Accessibility, cultural affiliation and Indian reserve labour force development in Canada.

Title: Accessibility, cultural affiliation and Indian reserve labour force development in Canada.
Authors: Hoermann, Lesley.
Date: 1991
Abstract: The purpose of this research is to investigate the relationship between the labour force development of Indian reserves in Canada and their physical accessibility to off-reserve communities designated as service centres. The second goal is to examine the relationship between the traditional cultural affiliation of reserves and their labour force development. The diffusionist and dependency development paradigms are considered to place the role of accessibility and cultural affiliation into the context of reserve development. A review of the literature investigating the influence of physical accessibility upon reserve development follows. The traditional Indian culture areas of Canada are introduced, as are the rationale for investigating the roles of these two factors in reserve development. The reserves were then classified into six samples representing cultural affiliation. These are the Iroquoian, Algonkian, Plains, Mackenzie River, Plateau, and Pacific Coast culture areas. Lastly, two culture areas are examined to gain further insight into the nature of differences amongst reserves falling into the same access category. Levels of education and mother tongues spoken in the Algonkian and Pacific Coast culture areas are compared to this end. In conclusion, the major differences amongst the samples are highlighted in terms of the hypotheses posed in this research. Some further avenues of inquiry are then suggested for future research. (Abstract shortened by UMI.)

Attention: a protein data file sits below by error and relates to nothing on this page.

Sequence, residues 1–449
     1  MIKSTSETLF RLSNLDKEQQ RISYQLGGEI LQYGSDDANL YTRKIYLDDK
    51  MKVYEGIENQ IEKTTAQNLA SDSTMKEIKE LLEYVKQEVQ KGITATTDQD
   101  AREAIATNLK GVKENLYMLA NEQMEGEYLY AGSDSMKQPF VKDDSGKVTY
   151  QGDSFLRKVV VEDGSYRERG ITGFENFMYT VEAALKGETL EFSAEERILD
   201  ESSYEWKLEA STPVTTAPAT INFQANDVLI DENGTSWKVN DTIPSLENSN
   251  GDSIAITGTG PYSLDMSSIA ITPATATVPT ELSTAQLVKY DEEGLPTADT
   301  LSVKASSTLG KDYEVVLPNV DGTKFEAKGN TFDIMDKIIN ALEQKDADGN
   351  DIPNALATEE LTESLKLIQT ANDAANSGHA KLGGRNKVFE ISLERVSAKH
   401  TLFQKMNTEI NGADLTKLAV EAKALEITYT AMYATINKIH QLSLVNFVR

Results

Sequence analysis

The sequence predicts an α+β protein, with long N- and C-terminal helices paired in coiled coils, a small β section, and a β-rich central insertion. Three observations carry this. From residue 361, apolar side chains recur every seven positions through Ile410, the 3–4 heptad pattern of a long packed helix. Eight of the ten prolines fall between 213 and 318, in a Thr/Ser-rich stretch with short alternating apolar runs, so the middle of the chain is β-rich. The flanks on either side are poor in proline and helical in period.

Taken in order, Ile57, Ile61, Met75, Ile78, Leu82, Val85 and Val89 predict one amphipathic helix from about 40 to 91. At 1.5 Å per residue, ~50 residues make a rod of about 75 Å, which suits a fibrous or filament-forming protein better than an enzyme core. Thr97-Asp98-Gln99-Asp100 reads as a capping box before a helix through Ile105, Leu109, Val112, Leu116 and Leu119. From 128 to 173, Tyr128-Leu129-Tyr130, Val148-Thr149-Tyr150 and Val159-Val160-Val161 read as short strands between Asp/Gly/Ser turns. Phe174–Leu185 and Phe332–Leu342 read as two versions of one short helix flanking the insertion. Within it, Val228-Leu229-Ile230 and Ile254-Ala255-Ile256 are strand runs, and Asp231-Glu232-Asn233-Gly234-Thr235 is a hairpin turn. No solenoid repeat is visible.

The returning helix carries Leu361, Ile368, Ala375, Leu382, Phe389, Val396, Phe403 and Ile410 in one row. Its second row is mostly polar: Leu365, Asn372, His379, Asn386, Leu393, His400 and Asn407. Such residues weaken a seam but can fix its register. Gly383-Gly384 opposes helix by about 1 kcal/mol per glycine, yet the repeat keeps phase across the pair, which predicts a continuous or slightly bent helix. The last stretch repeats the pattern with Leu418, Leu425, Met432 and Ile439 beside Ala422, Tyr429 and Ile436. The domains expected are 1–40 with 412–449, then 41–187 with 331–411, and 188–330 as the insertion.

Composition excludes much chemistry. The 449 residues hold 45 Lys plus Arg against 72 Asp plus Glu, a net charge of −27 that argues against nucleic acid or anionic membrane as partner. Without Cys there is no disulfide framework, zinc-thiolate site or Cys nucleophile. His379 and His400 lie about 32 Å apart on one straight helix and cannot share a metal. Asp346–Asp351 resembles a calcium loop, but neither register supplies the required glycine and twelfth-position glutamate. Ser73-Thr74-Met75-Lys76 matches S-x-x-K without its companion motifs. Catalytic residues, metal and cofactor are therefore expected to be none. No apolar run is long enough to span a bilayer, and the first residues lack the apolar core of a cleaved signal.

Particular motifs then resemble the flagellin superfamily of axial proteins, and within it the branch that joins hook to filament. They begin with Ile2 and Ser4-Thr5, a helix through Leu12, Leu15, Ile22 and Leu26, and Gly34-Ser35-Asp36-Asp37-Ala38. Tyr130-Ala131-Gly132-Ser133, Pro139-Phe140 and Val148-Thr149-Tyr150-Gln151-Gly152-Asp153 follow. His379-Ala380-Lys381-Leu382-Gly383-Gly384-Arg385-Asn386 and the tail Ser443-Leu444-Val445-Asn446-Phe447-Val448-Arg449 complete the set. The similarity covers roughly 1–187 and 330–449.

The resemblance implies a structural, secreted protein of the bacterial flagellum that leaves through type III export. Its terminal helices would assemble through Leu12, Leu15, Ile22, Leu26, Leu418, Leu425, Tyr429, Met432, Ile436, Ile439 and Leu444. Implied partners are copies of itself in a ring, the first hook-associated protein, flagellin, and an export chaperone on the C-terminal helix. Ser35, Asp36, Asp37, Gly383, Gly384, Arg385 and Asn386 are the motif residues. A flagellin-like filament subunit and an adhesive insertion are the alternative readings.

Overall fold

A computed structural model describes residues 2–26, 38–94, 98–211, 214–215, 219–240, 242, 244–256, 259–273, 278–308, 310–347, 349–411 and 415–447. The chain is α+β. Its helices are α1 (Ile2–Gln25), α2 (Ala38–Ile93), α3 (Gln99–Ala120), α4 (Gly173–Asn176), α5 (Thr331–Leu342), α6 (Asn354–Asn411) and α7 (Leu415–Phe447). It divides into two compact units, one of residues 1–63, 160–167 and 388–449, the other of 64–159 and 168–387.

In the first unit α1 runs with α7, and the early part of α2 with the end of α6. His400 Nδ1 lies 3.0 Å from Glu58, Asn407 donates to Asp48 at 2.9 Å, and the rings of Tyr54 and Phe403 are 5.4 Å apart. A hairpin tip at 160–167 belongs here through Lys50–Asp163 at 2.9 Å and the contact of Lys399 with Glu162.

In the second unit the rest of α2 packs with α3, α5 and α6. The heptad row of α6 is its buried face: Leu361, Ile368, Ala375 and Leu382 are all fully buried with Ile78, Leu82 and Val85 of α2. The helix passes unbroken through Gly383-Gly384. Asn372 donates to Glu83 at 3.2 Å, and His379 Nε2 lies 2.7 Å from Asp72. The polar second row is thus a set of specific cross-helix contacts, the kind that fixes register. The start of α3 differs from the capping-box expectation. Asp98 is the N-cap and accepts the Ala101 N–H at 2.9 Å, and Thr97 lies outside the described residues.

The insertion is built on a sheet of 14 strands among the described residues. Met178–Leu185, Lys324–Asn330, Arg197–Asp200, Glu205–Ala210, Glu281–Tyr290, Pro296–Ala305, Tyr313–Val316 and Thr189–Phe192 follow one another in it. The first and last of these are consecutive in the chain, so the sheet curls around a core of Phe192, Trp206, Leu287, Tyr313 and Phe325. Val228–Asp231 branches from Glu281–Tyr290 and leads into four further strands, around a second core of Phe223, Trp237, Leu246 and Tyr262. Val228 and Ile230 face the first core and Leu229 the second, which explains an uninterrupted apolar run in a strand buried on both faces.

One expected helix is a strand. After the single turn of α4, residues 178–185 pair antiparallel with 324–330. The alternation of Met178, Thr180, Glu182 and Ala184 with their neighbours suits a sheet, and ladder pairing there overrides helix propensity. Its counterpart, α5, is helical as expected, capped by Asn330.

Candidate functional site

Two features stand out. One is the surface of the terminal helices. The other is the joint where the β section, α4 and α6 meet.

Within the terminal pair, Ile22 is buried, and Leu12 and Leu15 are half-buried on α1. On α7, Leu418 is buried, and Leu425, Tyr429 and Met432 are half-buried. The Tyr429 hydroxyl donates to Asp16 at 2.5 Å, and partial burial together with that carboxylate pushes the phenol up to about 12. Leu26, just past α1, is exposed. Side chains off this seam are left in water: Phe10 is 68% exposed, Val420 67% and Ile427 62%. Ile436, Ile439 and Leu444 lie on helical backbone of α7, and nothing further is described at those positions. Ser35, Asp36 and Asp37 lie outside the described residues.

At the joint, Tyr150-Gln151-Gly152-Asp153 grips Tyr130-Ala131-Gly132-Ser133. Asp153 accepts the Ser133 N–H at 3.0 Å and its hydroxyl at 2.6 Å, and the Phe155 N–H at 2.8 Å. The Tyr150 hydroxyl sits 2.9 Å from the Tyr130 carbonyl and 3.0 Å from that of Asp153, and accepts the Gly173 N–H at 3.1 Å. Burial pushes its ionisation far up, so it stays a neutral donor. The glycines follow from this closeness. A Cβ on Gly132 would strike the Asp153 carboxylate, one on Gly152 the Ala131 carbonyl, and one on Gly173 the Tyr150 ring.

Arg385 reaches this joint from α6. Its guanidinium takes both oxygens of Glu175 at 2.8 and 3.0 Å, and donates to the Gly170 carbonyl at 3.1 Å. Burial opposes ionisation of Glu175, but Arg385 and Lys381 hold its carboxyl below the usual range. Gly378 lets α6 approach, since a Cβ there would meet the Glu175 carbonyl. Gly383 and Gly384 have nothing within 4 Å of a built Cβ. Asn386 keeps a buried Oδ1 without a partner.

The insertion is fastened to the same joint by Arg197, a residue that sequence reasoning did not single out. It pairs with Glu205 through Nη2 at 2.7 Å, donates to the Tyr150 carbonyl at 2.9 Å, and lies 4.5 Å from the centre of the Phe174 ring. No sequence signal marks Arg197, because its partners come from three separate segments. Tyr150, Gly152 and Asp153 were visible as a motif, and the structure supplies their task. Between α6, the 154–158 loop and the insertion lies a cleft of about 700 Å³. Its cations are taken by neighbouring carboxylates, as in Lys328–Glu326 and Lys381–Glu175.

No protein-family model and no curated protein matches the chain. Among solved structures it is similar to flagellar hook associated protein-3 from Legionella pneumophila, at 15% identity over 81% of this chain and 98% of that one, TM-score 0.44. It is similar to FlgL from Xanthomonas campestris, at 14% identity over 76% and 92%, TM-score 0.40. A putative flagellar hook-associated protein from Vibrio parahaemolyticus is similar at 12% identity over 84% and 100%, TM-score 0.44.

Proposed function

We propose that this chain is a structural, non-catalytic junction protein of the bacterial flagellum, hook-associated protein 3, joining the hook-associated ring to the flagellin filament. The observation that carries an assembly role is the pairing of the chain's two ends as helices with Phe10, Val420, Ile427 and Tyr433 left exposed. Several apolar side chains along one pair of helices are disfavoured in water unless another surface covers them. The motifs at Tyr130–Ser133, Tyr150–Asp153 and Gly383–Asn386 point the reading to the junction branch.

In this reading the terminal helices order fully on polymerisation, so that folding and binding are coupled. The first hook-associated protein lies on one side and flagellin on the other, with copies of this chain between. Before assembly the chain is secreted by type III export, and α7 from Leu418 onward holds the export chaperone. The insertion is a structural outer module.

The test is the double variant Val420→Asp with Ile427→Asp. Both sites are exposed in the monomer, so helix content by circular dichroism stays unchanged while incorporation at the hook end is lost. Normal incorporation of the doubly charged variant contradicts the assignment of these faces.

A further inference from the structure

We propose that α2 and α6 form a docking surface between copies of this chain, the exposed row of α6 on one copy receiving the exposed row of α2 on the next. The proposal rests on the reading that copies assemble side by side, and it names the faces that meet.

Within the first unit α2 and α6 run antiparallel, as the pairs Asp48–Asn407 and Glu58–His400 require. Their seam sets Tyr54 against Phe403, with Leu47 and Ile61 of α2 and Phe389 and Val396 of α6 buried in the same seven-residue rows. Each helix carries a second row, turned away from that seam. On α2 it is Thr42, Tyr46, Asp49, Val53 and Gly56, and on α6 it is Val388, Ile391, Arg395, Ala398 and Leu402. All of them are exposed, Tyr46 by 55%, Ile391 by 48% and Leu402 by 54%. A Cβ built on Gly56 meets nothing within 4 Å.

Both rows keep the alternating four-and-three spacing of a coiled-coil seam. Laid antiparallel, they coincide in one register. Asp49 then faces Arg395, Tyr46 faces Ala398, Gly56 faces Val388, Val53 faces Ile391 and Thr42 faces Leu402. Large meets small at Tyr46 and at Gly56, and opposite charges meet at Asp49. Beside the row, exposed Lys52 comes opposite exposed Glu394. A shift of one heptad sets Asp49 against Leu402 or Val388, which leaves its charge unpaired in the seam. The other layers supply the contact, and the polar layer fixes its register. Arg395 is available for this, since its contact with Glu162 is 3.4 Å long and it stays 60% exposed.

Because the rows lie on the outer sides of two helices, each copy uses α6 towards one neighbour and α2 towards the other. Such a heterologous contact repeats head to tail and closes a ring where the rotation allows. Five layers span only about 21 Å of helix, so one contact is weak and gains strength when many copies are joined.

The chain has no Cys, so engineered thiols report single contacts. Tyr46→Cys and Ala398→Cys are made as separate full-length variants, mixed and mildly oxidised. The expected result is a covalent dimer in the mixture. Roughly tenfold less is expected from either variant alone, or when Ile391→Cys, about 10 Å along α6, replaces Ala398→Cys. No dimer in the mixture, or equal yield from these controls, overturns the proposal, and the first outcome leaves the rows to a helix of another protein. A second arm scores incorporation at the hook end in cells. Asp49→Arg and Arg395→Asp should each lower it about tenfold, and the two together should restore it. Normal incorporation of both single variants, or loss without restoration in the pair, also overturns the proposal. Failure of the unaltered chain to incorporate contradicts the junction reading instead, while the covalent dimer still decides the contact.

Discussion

CollectionTh├Ęses, 1910 - 2010 // Theses, 1910 - 2010
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